The Canadian Red Ensign

The Canadian Red Ensign

Saturday, November 12, 2011

When Duty Calls

Dulce et decorum est pro patria mori (1) - Horace, Odes, Book III, 2:13

Lucy Maud Montgomery is best remembered for her novel Anne of Green Gables which tells the story of a spirited and imaginative orphan girl adopted, by accident or providence, by an elderly brother and sister who raised her on their farm in Prince Edward Island. Anne of Green Gables was the first of a series of eight novels in which Montgomery continued to tell the story of Anne Shirley. The final book in the series (2) Rilla of Ingleside which was published in 1920 is set during the first World War.

The main story in Rilla of Ingleside concerns Rilla Blythe, Anne’s youngest daughter, who is forced by the war to mature into a responsible adult from the vain and frivolous person she seems to be at the beginning of the novel. In the background to this story there is an ongoing commentary on the events of the war by the characters of the novel. While some of the commentary, such as that of Dr. Gilbert Blythe and the Presbyterian minister James Meredith is more educated and informed than that of others, such as that of Blythe housekeeper Susan Baker, there is a general consensus in support of Britain and of Canada’s contributions to the war effort and against the Kaiser. The Blythe boys each feel the call to do their duty to “king, country, and empire” and are ultimately supported in this by their family, friends and neighbors. The only significant dissenting voice is of an unlikable character, Mr. Pryor, derogatorily nicknamed “Whiskers-on-the-moon”, an elder in the church who is an avowed pacifist. His only significant appearance in the story other than in the disapproving conversation of others is in the 20th chapter, where he is invited to pray at a joint prayer meeting of the Methodist and Presbyterian churches in support of the war. His “prayer” ends up being a pacifist lecture when is abruptly ended when Norman Douglas, the fiery, opinionated, village infidel who is by far the most likeable character of the book, wrings his neck.

While this is a work of fiction, L. M. Montgomery generally sets her stories in what is recognizably the late 19th –early 20th Century Canada that she knew and experienced. The picture she draws of a community coming together to sacrifice for and support their country in war is a picture of the real Canada of almost one hundred years ago.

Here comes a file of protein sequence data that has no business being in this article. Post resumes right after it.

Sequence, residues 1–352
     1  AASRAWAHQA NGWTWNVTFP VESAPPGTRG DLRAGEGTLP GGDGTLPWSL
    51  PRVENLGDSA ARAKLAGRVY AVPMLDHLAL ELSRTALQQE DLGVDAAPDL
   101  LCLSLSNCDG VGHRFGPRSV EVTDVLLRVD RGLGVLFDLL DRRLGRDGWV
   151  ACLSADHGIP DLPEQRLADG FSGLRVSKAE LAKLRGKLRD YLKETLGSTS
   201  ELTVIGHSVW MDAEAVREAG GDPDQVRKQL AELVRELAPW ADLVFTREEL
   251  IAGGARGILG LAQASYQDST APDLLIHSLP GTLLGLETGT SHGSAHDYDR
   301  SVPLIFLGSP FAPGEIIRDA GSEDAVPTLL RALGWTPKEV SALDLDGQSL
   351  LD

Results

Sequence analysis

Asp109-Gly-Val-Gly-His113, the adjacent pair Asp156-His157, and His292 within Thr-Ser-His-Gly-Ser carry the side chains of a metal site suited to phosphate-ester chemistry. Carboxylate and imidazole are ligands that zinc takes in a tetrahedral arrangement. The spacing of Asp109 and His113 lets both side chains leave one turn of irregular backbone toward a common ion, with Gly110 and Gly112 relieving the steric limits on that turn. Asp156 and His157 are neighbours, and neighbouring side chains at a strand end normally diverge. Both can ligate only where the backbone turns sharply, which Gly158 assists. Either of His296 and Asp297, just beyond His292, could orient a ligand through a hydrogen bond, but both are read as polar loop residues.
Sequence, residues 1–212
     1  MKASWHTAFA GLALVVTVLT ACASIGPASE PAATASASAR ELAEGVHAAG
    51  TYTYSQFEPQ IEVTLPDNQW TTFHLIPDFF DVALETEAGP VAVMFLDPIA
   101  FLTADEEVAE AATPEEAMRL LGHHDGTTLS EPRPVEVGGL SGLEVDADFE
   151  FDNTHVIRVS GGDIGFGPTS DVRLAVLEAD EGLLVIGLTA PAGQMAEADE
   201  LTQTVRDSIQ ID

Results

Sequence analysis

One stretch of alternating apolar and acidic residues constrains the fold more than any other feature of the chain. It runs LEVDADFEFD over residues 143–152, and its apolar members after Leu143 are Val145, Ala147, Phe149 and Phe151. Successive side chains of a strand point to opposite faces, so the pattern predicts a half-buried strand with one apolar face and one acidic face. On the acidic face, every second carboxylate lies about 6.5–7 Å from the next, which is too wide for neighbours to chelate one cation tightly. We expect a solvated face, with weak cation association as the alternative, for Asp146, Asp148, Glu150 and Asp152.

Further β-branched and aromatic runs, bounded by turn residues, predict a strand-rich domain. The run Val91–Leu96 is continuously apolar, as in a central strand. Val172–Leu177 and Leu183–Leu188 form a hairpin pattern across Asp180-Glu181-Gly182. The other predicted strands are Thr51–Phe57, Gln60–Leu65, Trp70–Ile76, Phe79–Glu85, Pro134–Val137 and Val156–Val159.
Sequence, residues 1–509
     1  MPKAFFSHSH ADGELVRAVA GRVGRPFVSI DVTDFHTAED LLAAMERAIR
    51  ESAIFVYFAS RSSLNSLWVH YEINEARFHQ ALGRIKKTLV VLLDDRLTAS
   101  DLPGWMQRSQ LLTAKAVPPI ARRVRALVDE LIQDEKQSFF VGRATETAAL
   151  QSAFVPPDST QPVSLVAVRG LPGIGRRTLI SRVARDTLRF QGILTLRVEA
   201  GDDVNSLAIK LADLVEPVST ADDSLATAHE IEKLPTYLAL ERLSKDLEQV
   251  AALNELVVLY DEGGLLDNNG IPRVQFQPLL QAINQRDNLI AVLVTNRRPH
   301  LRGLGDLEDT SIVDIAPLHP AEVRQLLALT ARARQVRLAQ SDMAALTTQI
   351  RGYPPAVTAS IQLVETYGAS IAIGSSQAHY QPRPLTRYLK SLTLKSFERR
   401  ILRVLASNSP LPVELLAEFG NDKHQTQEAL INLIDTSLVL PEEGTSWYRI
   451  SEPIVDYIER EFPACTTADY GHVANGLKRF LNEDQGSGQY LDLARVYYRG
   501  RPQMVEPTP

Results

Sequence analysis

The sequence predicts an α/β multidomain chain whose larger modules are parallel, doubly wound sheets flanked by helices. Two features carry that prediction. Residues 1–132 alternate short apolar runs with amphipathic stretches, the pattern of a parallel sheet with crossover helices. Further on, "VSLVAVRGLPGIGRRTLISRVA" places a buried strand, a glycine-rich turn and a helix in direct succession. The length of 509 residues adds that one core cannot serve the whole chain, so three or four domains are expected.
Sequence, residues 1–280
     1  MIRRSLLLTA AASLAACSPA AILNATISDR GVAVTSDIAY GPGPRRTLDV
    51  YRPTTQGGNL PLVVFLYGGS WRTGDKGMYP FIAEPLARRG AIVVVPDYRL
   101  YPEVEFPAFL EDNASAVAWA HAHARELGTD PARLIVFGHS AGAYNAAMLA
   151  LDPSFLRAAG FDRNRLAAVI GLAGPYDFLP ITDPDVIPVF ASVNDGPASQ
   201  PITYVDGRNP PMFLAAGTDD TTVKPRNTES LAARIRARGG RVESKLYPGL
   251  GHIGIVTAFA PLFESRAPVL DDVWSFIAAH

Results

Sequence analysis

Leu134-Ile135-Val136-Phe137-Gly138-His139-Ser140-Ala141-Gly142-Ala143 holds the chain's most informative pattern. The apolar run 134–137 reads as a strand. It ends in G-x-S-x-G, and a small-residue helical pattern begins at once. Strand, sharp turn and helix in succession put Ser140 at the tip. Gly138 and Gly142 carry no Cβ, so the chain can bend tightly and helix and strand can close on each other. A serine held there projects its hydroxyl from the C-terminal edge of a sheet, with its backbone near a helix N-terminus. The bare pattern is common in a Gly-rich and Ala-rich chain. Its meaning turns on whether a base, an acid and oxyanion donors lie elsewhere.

There is quite a contrast between that day and our own. Hawks and doves are still among us, and each group is still smugly certain of its own righteousness and of the wickedness of the other. It is the attitude of everybody else, the people who are neither pacifists nor members of war’s cheerleading squad, that is different. Pacifism is no longer held in contempt and barely tolerated. Our attitude towards war has completely changed.

Why is this?

It has to do, I believe, with changes in the way we think about war and the way we think about our relationship to our society. Let us consider these in turn.

For quite some time now it has been customary around the time of Remembrance Day to talk about the soldiers we are remembering and honouring as those who died “for our freedom”. This way of speaking has become so familiar to us that we may not immediately recognize what is wrong with it.

The soldiers we are honouring did not go to war to fight and die for “our freedom”. They went to war to fight and die for “their country”. The difference between these two phrases is of tremendous significance.

If we say that we are fighting a war for “our freedom” what do we mean by “our freedom”?

If the enemy we are fighting against is trying to conquer our territory and enslave our people then “our freedom” could mean “the freedom of our country”. If this is what we mean then fighting for “our freedom” is one way in which we fight for “our country”.

This is not the only possible meaning of this expression, however. When we speak of fighting for “our freedom” we could mean by “our freedom” the liberal concept of the rights and liberties of the individual. If that is what we mean then when we speak of our soldiers as having fought and died for “our freedom” we mean that we are honouring them for fighting and dying for a political ideal, an abstract concept, rather than for a real, concrete community.

If this is what we mean then we are completely out of touch with the nature of the call of duty our soldiers answered when they went to war and with the reason why it is important to honour and remember them.